A little laughter goes a long way when facing health challenges
How humor got me through a difficult and prolonged ICU stay
In our society, we’re encouraged to always be working, active, and busy. So when we finally get some free time, it’s an exciting thing. But what do you do when you have nothing but free time for weeks on end?
In September 2020, I was in the intensive care unit for almost two months, dying from multiorgan failure. Kidney failure, liver failure, hypertrophic cardiomyopathy, a ministroke, severe hypertension, and hemolytic anemia had all been caused by a rare disease called atypical hemolytic uremic syndrome (aHUS). I was very sick, but I hadn’t grasped how dire my situation was.
As my body got weaker, I wanted to do everything I could to keep what little strength I had. Sitting around in the ICU for long periods of time can cause you to lose muscle mass. And I quickly noticed. Walking was getting harder, standing was getting harder, and even sitting up in bed was becoming a challenge.
I harassed my nurses constantly to let me walk the halls. One of my favorite nurses usually worked in the evenings and always had a smile on her face. I’d become a fragile, bruised shell of myself, but she didn’t treat me like I was falling apart; she talked to me as if I was a normal human.
By day eight, I was going stir-crazy, and she knew it. My days had become a never-ending cycle of bloodwork, medications, dialysis or plasmapheresis, blood transfusions (I had 18), more bloodwork, and broken sleep as doctors tried to figure out what was going on with me.
My favorite nurse popped in one night to see if I needed anything. She’d often sneak me little treats like orange sherbet, hot chocolate, or hot tea.
“OK, what kind of trouble are we getting into tonight?” I asked. She crossed her arms and thought for a few seconds.
“Want to go for a walk?” she asked. No way — was she joking? But she wasn’t. She helped me out of bed and let me walk a lap around the ICU.
She walked next to me, gossiping about drama with her sister to distract me. My legs were shaking, and she could probably see the fear and uncertainty in my eyes.
After that night, she took me on a walk during each of her shifts until I became strong enough to walk the lap alone. This small gesture meant the world to me. I’d become depressed and hopeless from dealing with severe health challenges, and without a diagnosis, there was no end in sight.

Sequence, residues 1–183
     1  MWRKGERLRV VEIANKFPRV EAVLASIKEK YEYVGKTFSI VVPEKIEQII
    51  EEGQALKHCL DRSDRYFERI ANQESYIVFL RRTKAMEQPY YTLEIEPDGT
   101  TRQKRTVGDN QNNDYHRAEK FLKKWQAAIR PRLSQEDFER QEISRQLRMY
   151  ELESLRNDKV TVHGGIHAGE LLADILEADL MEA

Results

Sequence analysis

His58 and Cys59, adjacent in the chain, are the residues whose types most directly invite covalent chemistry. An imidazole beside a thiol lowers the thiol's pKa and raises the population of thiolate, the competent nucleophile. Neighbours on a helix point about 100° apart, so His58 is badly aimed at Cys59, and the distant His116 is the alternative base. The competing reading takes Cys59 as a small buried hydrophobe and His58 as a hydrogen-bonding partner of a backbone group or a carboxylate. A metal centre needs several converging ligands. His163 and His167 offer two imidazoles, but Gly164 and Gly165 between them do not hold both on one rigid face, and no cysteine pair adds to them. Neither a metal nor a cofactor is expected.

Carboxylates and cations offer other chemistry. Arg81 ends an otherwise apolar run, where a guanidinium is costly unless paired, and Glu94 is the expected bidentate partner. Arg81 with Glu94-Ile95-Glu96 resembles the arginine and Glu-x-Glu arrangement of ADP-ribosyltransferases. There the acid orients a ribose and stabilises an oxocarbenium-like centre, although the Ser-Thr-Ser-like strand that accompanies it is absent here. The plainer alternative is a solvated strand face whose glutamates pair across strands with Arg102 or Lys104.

By day 16, I was becoming restless again. My team had a suspicion about what condition I had, but the test hadn’t come back yet to confirm it. My favorite nurse was back for the next three days. I had an idea of something fun to do, but I needed her help.
“OK, it’s Oct. 1 and I wanna do something for Halloween,” I said. “I think we should prank some nurses.”
Her eyes got wide and lit up. She was on board. Being the only mobile patient in the ICU and suffering from a rare medical event made me a bit of a fun attraction for the medical staff.
I found several photos online from horror movies and sent them to her to print out. Then we placed the photos all over the floor to prank staff. We placed them on my door, inside several frequently used cabinets, and, my favorite, in my window.
My window had slats across it that closed for privacy. Nurses would flip the slats open to check on me and close them again. We decided to use a creepy photo from “The Grudge.” I heard a few yelps a night for the next few nights, which gave me the laughter I needed during such a dark and bleak time.
With so much newfound time on my hands, I had to get creative. You can only scroll through social media for so long before it gets boring. And I was allowed only one visitor for two hours a day due to COVID-19 restrictions.
It might be silly of me to hope, but I like to think I brought a little light to the ICU. It was cold and scary and something I never expected to deal with. But I was alive. And once I processed almost dying, I had to attempt to live.
Note: aHUS News is strictly a news and information website about the disease. It does not provide medical advice, diagnosis, or treatment. This content is not intended to be a substitute for professional medical advice, diagnosis, or treatment. Always seek the advice of your physician or other qualified health provider with any questions you may have regarding a medical condition. Never disregard professional medical advice or delay in seeking it because of something you have read on this website. The opinions expressed in this column are not those of aHUS News or its parent company, BioNews, and are intended to spark discussion about issues pertaining to aHUS.